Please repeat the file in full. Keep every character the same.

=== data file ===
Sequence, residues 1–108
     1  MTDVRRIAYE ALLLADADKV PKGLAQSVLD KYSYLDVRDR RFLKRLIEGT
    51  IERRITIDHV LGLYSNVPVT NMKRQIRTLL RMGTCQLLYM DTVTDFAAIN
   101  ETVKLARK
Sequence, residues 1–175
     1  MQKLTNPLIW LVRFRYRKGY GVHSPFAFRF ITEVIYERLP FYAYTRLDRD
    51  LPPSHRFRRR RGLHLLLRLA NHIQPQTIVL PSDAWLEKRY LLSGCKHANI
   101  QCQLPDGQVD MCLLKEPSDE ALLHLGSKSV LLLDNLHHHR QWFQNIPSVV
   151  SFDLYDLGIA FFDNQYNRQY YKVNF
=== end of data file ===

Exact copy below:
Sequence, residues 1–108
     1  MTDVRRIAYE ALLLADADKV PKGLAQSVLD KYSYLDVRDR RFLKRLIEGT
    51  IERRITIDHV LGLYSNVPVT NMKRQIRTLL RMGTCQLLYM DTVTDFAAIN
   101  ETVKLARK
Sequence, residues 1–175
     1  MQKLTNPLIW LVRFRYRKGY GVHSPFAFRF ITEVIYERLP FYAYTRLDRD
    51  LPPSHRFRRR RGLHLLLRLA NHIQPQTIVL PSDAWLEKRY LLSGCKHANI
   101  QCQLPDGQVD MCLLKEPSDE ALLHLGSKSV LLLDNLHHHR QWFQNIPSVV
   151  SFDLYDLGIA FFDNQYNRQY YKVNF